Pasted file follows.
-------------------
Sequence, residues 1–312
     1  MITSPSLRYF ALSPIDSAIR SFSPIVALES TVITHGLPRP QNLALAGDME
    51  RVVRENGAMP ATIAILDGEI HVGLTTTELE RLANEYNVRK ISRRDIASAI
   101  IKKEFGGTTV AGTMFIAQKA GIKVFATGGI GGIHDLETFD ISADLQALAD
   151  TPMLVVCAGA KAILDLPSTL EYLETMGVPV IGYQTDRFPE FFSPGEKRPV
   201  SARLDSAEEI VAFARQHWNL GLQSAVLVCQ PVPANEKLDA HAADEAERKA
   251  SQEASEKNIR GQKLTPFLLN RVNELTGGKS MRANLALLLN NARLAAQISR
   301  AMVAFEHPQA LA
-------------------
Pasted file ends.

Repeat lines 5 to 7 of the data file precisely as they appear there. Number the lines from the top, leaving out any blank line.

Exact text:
   151  TPMLVVCAGA KAILDLPSTL EYLETMGVPV IGYQTDRFPE FFSPGEKRPV
   201  SARLDSAEEI VAFARQHWNL GLQSAVLVCQ PVPANEKLDA HAADEAERKA
   251  SQEASEKNIR GQKLTPFLLN RVNELTGGKS MRANLALLLN NARLAAQISR